It's quite a scene at Punta Lobos as the "pangas" (small motor boats), make it through the rough surf landing on the sand and immediately being dragged by a pick up truck onto a flat area of the beach. There, tables are set next to the boats for the gutting & filleting of the fish. It's pelican heaven.

I am of course a Piscis and have a particular weekness for fish and being in the water.

So my next piece was dedicated to this beautiful "dorado" yellow tail. The ying and yang shapes on the piece represent the double currents in which I find myself often struggling with.

Art is my obsession.

After being able to set up my fifth make shift studio here in Todos Santos. One with a big "sombra"(shade sail material covering our garage), I was able to stretch out without having to worry that one of the corners of my piece was slowly melting away. I have been working non stop. It's been fun incorporating the trash that I found along the roads on my morning walks, giving them a new life within a new environment.

No street names.

In Todos Santos there is no Post Office. Reason being that there are no street names.
Well, there are a few in the center of town. But the surrounding neighborhoods who were all at some point in time agricultural fields, mostly sugar cane but also chile fields.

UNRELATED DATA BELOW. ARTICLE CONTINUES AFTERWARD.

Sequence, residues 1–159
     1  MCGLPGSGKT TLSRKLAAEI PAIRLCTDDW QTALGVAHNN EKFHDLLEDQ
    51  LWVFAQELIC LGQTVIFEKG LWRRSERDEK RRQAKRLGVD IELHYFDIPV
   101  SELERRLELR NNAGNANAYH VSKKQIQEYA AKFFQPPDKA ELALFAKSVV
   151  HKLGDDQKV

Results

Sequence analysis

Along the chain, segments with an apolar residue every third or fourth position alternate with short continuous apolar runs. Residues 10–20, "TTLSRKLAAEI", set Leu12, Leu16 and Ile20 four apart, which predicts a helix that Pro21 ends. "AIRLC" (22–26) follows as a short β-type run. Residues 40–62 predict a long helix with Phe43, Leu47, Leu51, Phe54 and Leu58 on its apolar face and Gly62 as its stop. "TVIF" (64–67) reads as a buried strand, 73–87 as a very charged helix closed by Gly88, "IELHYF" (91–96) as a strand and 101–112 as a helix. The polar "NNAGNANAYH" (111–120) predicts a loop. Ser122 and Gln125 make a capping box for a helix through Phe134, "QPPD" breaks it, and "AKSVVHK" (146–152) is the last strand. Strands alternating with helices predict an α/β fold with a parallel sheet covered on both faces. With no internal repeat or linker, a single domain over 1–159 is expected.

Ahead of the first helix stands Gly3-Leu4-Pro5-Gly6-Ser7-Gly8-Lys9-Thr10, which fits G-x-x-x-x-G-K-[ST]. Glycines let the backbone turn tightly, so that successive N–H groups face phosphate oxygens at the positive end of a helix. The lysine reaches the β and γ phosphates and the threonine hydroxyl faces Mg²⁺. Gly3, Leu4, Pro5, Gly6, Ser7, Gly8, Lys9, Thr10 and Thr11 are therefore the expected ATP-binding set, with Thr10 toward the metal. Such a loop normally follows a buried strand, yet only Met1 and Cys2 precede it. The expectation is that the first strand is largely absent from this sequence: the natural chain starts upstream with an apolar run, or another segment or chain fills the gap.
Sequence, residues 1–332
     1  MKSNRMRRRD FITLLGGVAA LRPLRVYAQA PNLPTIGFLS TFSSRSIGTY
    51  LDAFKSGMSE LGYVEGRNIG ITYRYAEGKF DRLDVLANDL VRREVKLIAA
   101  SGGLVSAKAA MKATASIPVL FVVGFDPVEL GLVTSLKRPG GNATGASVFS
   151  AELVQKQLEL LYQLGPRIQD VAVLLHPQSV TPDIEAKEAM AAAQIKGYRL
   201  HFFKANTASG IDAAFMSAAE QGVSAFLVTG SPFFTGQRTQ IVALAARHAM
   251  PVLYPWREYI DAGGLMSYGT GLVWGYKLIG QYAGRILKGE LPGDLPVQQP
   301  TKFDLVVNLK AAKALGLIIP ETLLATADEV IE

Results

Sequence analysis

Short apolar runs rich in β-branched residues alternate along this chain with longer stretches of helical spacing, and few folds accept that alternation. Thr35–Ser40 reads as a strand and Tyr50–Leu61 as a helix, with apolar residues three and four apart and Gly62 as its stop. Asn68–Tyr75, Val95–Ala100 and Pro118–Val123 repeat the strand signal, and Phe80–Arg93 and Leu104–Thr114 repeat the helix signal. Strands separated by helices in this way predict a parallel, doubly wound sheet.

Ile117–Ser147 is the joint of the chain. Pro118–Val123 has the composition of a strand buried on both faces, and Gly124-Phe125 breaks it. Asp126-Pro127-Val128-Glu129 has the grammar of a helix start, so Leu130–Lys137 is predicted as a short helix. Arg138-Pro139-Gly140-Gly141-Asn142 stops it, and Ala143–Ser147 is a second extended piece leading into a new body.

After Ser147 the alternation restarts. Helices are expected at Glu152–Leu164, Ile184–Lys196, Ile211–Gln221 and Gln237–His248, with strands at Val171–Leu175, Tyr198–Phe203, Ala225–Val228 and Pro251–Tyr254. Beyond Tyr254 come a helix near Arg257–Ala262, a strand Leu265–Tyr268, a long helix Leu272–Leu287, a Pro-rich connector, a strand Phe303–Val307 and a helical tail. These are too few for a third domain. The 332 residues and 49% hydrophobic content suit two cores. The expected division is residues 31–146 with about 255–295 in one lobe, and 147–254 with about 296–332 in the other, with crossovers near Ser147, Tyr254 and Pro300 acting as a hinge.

Slowly these ranchs and farms have been sold off in parcels and no major city development has happened. So there are hundreds of country roads, with home made signs like this one. It's rather quaint... until you need to send a letter to someone.

Plastic everywhere...

It has been a struggle for me to see garbage on the streets, but it has been worst to see the incredible ground covering of plastic. Plastic bottles, containers of all sizes and the queen of them all the plastic bag.

The grocery stores (...well any store) give them out by the hundreds. Later the purchased item is retrieved from the bag and the bag perhaps makes it to a garbage receptacle but most likely catches a bit of wind and flies away. You can see them hooked to numerous tree limbs all along the highways. They are usually black and from a distance they appear to be animal shapes, floating around as if they were dancing.